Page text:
Rabbit & The Hare is proof that good things can happen on Craigslist. The band formed after singer/songwriter Neill MacCallum posted an ad in NYC’s section of the website in search of a “female multi-instrumentalist.” Marisa Duchowny, a person that happens to fit both of those requirements, also happened to read and respond to that post. Just like that, with the strange power of the internet, a duo was born. Marisa became the Rabbit, Neill the Hare.
The duo recently released a full-length, self-titled album, and although the band consists of only two members, their songs are fleshed-out and fully-formed. Marisa’s role as a “multi-instrumentalist” truly came to fruition after the formation of the band, as piano, guitar, drums, bass and numerous other instruments are at the forefront of the band’s tracks. “Behind Your Eyes,” a smooth, laid-back and jazzy tune, is perhaps the best demonstration of the duo’s use of a wide array of instrumentation. The song features subtle horns and a strong guitar solo, and it’s one of the standout tracks of the album.
Many of the songs on Rabbit & The Hare contain grandiose, cinematic qualities. “Isabel,” for instance, uses sweeping strings and soaring vocals. The electric guitar and effect-laden vocals on “Dona Dona” lead to a heavier, indie rock sound.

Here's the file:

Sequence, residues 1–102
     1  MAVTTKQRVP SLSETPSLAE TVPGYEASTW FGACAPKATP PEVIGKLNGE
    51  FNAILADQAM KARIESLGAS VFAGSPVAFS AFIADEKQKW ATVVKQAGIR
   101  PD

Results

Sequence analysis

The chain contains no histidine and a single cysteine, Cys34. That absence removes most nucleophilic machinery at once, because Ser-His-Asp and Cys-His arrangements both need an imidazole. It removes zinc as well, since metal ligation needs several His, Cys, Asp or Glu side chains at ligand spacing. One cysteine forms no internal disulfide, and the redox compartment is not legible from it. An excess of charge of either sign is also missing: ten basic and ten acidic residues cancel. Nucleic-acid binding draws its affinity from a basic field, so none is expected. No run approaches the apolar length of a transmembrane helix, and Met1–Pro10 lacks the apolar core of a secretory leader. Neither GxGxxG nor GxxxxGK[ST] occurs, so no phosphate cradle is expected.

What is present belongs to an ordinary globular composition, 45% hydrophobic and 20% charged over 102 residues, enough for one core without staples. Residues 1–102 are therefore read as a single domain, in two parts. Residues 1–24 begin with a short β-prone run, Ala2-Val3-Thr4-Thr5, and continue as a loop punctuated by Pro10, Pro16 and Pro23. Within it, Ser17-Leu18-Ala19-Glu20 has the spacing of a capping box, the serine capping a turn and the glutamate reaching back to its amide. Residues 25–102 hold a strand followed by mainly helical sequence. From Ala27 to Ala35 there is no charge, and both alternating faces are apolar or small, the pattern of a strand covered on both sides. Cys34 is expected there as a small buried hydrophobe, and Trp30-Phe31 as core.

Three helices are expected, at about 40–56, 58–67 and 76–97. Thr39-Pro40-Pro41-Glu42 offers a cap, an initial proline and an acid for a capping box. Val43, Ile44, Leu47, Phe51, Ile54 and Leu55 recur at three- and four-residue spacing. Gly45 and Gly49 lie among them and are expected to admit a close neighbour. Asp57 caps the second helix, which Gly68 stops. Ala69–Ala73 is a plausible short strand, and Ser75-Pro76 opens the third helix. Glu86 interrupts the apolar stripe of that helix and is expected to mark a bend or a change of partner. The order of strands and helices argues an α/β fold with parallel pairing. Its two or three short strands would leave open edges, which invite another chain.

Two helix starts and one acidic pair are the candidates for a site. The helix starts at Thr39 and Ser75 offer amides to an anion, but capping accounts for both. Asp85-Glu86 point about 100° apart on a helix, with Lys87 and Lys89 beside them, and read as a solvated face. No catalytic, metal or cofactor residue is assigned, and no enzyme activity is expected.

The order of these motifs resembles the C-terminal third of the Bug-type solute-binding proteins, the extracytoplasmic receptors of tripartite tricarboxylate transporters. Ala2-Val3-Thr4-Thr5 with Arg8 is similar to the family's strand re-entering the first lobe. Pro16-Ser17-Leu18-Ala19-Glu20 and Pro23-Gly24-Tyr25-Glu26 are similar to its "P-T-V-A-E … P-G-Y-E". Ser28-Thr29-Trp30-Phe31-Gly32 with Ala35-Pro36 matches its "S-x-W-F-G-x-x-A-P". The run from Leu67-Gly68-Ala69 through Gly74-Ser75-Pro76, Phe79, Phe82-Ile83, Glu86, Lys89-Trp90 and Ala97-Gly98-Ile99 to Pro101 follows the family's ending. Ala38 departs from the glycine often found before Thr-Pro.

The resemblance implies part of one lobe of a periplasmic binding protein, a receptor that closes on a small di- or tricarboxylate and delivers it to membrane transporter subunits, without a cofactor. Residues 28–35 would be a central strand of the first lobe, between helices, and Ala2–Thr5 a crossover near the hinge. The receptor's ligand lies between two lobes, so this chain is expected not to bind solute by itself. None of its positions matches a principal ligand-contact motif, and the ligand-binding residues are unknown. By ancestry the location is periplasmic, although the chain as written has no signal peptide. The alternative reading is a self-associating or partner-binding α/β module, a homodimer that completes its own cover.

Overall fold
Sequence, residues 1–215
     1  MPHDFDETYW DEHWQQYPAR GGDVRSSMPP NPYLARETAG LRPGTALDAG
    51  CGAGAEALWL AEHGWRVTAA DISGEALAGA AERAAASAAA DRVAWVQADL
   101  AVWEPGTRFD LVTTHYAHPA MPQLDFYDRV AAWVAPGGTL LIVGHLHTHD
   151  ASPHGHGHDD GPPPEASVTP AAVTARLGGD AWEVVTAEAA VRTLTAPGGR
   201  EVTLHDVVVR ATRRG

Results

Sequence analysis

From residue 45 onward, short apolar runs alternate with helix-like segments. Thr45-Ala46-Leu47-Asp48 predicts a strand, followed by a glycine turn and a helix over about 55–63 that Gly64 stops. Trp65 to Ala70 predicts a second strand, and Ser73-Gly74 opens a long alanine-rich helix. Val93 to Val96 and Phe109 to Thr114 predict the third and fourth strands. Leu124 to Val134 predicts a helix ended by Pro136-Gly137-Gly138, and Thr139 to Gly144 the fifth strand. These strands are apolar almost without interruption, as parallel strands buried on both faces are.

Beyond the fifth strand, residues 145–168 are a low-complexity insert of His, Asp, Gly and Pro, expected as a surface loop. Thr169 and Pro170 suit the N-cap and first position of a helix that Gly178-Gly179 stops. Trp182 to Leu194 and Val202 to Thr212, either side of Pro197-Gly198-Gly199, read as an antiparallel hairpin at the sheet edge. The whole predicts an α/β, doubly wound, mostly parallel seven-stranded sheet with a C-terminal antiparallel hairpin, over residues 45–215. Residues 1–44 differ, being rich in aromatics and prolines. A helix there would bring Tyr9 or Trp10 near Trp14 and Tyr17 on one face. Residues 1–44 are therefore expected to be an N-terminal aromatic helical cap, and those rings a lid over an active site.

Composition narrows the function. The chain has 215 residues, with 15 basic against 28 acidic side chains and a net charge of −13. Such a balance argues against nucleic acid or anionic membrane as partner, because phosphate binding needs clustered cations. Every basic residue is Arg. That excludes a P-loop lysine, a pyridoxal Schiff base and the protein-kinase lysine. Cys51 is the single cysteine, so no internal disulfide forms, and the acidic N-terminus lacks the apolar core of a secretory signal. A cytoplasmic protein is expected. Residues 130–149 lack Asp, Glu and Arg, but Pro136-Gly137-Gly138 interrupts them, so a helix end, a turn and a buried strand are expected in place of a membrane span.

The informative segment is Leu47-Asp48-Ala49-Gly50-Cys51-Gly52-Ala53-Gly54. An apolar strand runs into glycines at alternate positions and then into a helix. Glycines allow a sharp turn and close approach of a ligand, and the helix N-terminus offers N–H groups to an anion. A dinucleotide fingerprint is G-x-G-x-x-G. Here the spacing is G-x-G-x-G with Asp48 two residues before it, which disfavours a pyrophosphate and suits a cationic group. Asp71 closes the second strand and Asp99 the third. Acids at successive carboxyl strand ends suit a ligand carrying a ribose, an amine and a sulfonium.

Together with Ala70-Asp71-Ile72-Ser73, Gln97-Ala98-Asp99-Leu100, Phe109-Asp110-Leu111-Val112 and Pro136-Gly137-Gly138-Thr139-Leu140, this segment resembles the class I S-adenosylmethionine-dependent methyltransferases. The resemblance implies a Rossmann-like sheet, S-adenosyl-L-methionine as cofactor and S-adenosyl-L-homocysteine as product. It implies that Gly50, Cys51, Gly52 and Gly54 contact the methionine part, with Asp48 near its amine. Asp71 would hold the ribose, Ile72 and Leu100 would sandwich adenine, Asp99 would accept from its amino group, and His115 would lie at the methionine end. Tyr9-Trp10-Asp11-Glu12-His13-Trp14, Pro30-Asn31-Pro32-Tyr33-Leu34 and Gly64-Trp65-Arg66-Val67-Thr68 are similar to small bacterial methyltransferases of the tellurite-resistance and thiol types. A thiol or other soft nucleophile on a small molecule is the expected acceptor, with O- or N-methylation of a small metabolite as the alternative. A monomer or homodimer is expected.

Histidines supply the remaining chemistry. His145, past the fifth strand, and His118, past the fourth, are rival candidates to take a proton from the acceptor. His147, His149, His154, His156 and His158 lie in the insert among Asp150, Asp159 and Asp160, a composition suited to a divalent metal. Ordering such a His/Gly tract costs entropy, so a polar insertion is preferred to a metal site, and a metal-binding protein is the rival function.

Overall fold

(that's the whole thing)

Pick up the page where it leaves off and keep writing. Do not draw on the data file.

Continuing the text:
The band plays primarily with acoustic guitar and the piano features heavily, yet those instruments are never toned-down or boring. Their songs are light and airy, but never sparse or subdued.
“I could meet you halfway,” MacCullum and Duchowny both sing together on the chorus of “Then I See Her,” an uptempo, acoustic-driven song. The track is a love song about curing one’s problems by simply seeing a certain girl, but MacCullum and Duchowny might as well be singing about each other. The two truly do meet each other halfway in the performance of their songs, and neither quite takes center stage. On some songs, like the aforementioned “Then I See Her,” MacCullum features as the primary vocalist . Tracks like “Isabel” find Duchowny taking lead vocals. On tracks like “Fragile Things,” the two trade-off lead duties, ultimately singing in harmony together.
By fusing together their respective strengths, Rabbit & The Hare evoke the sweetness of modern bands like She & Him and the musicality of classic groups like Fleetwood Mac. The simple fact that the band consists of male-female duo may cause some to box them into a particular sound or style, but Rabbit & the Hare proves that they are capable of much more.